I’ve always thought of myself as an avid learner, someone who enjoys challenges and discovering new things. In truth, I’m only avid when I have a choice in what I’m learning. Ahead of our extended stay in France, I thought I would approach French with the same zest with which I studied Spanish.
In reality, I’ve halfheartedly completed three (out of 78) levels in Duolingo and left it at that. It’s not that I’m resistant to French but that I don’t want to dilute my progress with Spanish. With this in mind, I spoke to a number of polyglots and multilinguals to see how they acquired their numerous languages. They shared a wealth of information, the best of which is shared below.
Note: ‘First language’ is used to denote the first foreign language you have chosen to learn, not your mother tongue.
1. Don’t give up on your first choice
Most people choose their first language for a reason. This may be via a systematic review of the best language to learn, a desire to speak with locals while travelling, or an interest in a specific foreign culture. Giving up on your first language sets a precedence, making it easier to quit subsequent efforts.
“Instead of quitting, find what works for you,” says London-based Kiyeun Baek who speaks English, Spanish, Korean, Japanese and French, some daily in her role as head of business development at global publisher DK. “For me, it’s starting to read real novels in the language as soon as possible.”
Judith Meyer who runs learnlangs.com and organises an annual polyglot gathering speaks nine languages (with another four at beginner or intermediate level). She advises: “Try a different method or different materials first. If you’re bored with a course or you can’t understand it, just do something else for a while: a different course or even some fun activities like surfing the web or watching funny videos.”
Meyer advises native English speakers to choose a European language first before advancing to more difficult languages further afield: “Any European language is an okay first choice and it doesn’t make much sense to switch – for example, from French to Spanish – when you run into trouble because you’ll lose your progress only to encounter the exact same difficulties again.”
2. Understand the components of ‘natural talent’
Our experts agree that motivation is the most important ingredient in learning multiple languages. Interestingly, they urge us to interrogate the notion of ‘natural talent’. Rather than a singular trait that some people have and some don’t, natural talent can be broken down into components.
Julia Saperia, a London-based statistician who speaks five languages, told us: “I think there are several different talents – if you happen to have them all, then you’re lucky. I’m good with grammar because I have a logical mind and my ear is good because I’m musical. Some people are able to absorb languages by being immersed in them, others are unafraid to make mistakes and learn without knowing or caring much about the rules. That is a talent with which I am not blessed!”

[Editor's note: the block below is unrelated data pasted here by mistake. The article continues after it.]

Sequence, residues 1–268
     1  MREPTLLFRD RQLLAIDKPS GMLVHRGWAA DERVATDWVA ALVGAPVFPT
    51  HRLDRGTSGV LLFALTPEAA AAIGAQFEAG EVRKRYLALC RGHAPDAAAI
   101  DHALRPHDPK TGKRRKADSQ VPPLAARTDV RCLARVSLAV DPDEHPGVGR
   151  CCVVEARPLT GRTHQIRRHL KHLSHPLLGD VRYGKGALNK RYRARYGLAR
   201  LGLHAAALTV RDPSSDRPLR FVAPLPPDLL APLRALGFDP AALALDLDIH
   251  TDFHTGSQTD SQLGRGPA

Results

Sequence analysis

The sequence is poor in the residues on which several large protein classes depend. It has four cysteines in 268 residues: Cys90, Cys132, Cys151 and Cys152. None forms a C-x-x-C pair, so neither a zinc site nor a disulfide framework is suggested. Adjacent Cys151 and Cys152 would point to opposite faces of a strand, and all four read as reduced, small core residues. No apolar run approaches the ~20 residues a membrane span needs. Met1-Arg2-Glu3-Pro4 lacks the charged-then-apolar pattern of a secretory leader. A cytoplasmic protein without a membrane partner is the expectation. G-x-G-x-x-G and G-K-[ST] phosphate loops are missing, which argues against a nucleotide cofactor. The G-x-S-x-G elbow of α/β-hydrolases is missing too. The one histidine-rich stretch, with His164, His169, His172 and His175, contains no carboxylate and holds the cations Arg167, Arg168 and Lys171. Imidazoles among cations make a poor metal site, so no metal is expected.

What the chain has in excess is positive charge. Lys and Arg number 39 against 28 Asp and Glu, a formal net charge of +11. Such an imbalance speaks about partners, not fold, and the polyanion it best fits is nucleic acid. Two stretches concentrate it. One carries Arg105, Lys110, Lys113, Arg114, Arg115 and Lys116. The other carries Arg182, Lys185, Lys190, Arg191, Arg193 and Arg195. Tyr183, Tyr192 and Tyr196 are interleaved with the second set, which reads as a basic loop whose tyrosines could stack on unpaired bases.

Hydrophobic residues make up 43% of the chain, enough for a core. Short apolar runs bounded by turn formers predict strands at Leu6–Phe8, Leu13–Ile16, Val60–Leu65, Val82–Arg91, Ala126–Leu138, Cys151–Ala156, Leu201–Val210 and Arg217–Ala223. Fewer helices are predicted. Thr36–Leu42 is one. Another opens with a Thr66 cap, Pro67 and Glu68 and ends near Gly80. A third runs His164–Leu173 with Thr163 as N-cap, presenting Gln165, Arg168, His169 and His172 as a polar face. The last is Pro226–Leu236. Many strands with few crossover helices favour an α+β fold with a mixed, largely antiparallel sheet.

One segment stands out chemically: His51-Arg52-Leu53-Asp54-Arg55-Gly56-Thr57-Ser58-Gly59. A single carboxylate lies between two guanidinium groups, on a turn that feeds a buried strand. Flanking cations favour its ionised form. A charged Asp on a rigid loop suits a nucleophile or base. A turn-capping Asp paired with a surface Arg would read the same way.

Meyer elaborates: “I think there are talents for various aspects that are important in language learning. For example, there are people who have the gift of imitating accents: they hear very well and they are able to reproduce sounds more faithfully than the rest of us. There are also people who have particularly good memory skills. Daniel Tammet, who made the news for learning Icelandic in a week, formerly placed fourth in the World Memory Championships. [His memory] definitely helped. Synaesthesia also helps. However, I don’t believe in a separate language gene.”
Framing natural talent in this way makes it less daunting. You may not have a great memory but you might be great at talking to people without worrying about making mistakes. Equally, you may not be great with grammar but your accent might be perfect.
3. Layer your learning by following the 70/30 rule
One question asked by every aspiring polyglot is: should I learn my languages in parallel or in sequence? Our considered answer is neither.
Lora Green from 2Polyglot speaks four languages and explains: “Don’t start learning two languages at once because all rules and definitions will be mixed in your mind, but don’t wait until you speak one language fluently before taking courses in the second because there’s no strict line where you can tell you speak a language fluently. You will just waste time. When you can express your opinion, understand grammar basics and follow what’s going on in a TV series in your first language, use this as a sign that you may start learning another one.”